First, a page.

Michelle Rascon fervently wanted to free herself from all that plastic.
So it was time for the multicolored ExerSaucer to clutter some other parents' floor. So too the bouncy seat and the play mat that her two children don't need anymore.
That's how she came to be parked outside a Van Nuys warehouse on a muggy spring morning, unloading her children's leftovers. But the large purple tulip atop the double-deck ExerSaucer had wedged itself between the door frame and the back seat, and she had to tug mightily to remove it from her gray Nissan Sentra -- and her life.
Across the street at Babies 'R Us, the 23-pound saucer -- with a hammock-like seat where parents can plop Junior to play with various gizmos while they get a cup of coffee -- retails for $119.95. Rascon, a part-time legal secretary, was hoping that it would fetch $55 at a biannual kids' used-clothing and equipment sale that's half coffee klatch and half bargain hunter's delight.
"My husband's, like, 'Just get rid of it already,' " said Rascon, 32, describing the major spring cleaning that preceded her trip to the LA Kids Consignment Sale.
The Los Angeles mother was one of 275 people who hauled boxes full of used toy trucks, dolls, clothes, breast pumps, games, highchairs, cribs and other items to the warehouse.
The 25,000 items offered for sale make it the largest such event in the Western United States and one of hundreds that have sprung up nationwide in the last five years to help parents divest themselves of the expensive doodads and knickknacks that seem to be absolutely indispensable to raising a child in the 21st century.
And there are plenty of buyers, eager to acquire the castoffs at a fraction of their original price.
In just the first year of a child's life, it costs $6,655 to outfit him and his room with brand-name products purchased at retail prices, according to a survey of 1,000 parents conducted by Denise and Alan Fields, who co-wrote "Baby Bargains," a shopping guide now in its seventh edition. Four years ago, the prices began to irritate Kristin Nelson, a stay-at-home mother of two who couldn't find an affordable ExerSaucer for her 5-month-old son. Scouring garage sales with an infant in tow was out. So was dealing with strangers on the Internet. So the former marketing executive started her own baby bazaar.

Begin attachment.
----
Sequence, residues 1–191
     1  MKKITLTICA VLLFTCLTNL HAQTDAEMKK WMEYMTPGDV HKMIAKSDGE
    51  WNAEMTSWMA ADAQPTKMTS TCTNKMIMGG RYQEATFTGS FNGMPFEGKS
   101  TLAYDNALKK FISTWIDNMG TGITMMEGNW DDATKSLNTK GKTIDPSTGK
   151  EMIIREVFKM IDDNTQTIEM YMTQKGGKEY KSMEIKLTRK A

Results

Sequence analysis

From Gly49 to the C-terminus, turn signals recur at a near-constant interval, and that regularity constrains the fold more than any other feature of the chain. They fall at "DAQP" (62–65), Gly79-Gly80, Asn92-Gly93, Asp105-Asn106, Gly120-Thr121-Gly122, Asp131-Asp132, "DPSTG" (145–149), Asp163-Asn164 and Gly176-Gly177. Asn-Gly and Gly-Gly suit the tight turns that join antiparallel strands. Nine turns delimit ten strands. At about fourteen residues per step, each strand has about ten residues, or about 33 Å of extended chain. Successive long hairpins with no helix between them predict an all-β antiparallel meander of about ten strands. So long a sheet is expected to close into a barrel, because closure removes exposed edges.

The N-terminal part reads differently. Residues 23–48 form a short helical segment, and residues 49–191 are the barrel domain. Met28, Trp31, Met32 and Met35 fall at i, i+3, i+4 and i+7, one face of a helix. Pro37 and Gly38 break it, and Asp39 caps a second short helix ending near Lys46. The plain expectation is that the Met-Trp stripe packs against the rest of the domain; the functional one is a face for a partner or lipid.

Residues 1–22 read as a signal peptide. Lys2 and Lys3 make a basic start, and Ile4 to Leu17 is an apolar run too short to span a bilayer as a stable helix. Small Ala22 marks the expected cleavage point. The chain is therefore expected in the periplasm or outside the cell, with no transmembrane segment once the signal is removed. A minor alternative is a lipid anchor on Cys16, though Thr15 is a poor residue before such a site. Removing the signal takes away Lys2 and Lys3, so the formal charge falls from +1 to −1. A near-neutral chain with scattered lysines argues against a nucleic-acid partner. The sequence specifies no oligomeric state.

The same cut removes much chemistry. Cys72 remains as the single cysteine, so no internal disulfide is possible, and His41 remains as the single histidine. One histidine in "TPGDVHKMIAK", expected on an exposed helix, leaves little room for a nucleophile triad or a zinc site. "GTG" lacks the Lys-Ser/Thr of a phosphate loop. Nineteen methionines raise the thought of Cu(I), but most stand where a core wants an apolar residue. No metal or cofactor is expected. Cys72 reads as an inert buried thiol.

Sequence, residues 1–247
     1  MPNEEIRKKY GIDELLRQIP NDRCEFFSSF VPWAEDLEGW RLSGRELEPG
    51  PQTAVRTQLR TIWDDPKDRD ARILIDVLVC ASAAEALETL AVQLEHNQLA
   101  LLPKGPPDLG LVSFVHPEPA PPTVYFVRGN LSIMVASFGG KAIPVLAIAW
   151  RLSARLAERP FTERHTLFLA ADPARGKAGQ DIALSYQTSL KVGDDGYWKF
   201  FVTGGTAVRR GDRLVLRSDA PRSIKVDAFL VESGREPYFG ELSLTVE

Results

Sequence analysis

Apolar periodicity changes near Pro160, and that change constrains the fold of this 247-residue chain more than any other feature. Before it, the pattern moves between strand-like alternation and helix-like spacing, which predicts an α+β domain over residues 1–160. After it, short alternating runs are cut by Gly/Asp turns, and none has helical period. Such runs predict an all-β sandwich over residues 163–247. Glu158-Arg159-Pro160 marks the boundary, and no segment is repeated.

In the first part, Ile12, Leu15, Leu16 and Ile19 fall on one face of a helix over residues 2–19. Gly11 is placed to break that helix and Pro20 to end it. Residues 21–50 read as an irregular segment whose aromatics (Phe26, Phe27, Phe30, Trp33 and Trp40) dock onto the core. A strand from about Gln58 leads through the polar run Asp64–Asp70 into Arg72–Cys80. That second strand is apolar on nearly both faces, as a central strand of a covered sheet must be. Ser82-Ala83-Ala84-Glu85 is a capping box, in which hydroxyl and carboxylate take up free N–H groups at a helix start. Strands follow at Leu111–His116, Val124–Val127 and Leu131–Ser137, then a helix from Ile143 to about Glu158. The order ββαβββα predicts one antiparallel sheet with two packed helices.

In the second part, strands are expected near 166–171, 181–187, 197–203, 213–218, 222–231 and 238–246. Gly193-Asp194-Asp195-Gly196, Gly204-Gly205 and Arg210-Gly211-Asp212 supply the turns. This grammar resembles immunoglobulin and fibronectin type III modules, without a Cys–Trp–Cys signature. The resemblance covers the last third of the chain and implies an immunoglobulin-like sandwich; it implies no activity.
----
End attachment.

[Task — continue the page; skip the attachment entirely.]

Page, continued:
Since then, the sale has grown from three dozen friends and neighbors selling used children's things in Nelson's Sherman Oaks driveway to a twice-yearly mega-event that fills a 6,000-square-foot hall. Come fall, she'll be moving to a 10,000-square-foot space with room for 375 sellers.
Nelson wouldn't discuss the profits from her recent four-day sale but said her earnings have gone from "manicure money to getting-closer-to-vacation money."
Fueling the boom in baby gear resales is a more-than-doubling of annual U.S. retail sales, from $4 billion in 1995 to $8.9 billion in 2006, according to the Juvenile Products Manufacturers Assn. This doesn't include infant and children's clothes, which topped $17 billion in sales in 2005.
"Babies haven't changed at all. They are the same as they were in 1978, but what we know about them has changed dramatically -- there's so much more research about how they develop," Alan Fields said.
This has led to an explosion in the number and types of baby products and a deepening desire by parents, many of them older, to make sure their child gets "the best." As a result, brand names such as Maclaren, Peg Perego and Petunia Pickle Bottom now command three-digit retail prices for strollers, highchairs -- even diaper bags.
"Twenty years ago, no one really cared what brand your stroller was," Fields said. "Today, it's a status symbol."
This is particularly true in style-conscious Los Angeles. Just as cruisers show off their wheels along the Sunset Strip on Saturday nights, parents promenade along Ventura Boulevard with Junior reclining in a $959 Bugaboo stroller. That price makes used strollers a particularly popular item at children's sales nationwide, as are clothes with trendy labels, which sell for half to two-thirds off retail.